Indeed, the lack of employment was one of the powerful reasons that triggered the violent Watts protest 50 years ago, according to the McCone Report. According to the Department of Employment, in 2013 the rate of unemployment reached almost 20 percent in areas in the south of the city. For the city of Los Angeles.

The Watts protests occurred between August, 11 and 17 in 1965. They received the name Watts from the neighborhood in the south Los Angeles where they started. The balance of the rebellion was: 34 people dead, 1032 injured, 40,000 dollars in damaged property, and 3,952 people arrested, 500 of them minors.

The recommendations give in the McCone Report after the Watts riots, included the creation of skilled and semi-skilled jobs for unemployed African Americans, as well as workforce training.

“The unemployment has gotten slightly better, but we still have high rates,” said Carlos Vasquez, director of the WorkSource Center. “The place where there is the most employment right now is in the area of construction and hotels. There are many buildings that are being remodeled and they are constructing new ones. In the airport, they are renovating the terminals; and the hotel industry is experiencing an upturn,” he observed.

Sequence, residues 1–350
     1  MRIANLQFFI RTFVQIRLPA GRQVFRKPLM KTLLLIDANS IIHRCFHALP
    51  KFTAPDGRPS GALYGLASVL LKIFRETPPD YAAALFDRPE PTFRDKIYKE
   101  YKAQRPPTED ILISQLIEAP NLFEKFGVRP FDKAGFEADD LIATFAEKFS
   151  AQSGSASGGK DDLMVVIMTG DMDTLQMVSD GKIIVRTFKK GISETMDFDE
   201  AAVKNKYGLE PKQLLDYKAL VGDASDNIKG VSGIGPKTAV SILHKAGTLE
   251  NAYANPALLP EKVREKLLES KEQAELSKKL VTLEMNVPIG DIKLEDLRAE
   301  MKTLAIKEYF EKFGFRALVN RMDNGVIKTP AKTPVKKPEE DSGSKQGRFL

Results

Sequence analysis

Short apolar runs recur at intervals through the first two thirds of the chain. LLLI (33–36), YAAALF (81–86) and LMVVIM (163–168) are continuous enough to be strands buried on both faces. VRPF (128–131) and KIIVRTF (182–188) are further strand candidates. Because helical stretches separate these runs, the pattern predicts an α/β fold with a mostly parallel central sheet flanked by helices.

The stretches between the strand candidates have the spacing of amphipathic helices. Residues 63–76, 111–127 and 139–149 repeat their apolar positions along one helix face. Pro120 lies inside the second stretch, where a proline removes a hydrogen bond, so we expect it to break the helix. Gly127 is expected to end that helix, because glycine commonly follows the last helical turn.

At the LATTC WorkSource Center, which opened last November, there are computers, telephones, faxes, and the assistance of specialists that help in searching for work.

Ever since she got a job, Abigael says that her life has gone through a tremendous change. “I don’t need welfare any more, which I never adjusted to. Now I take my kids out. And I see a successful future. I want to study computers,” she said.

Grace Flores receives training as a chef in the international kitchen of LATTC. Through this training, she would be able to apply for a job with a higher salary. Photo by Araceli Martínez for La Opinión.


At 54 years, Grace Flores is beginning to see the light at the end of the tunnel. Since 2009 she has been without full-time work, and in a few weeks hopes to join the labor force.

“I worked as a drug, alcohol and domestic abuse counselor, but there were budget cuts and my job was eliminated. All of the jobs that I found after that were part-time and very far from my house. I was going to spend more in the journey than I was going to ear,” said Flores, a single mother with three children, two of who are adults and one is 15 years old.

This immigrant lived for two years off of the economic assistance that is provided to the unemployed, and after that she received welfare.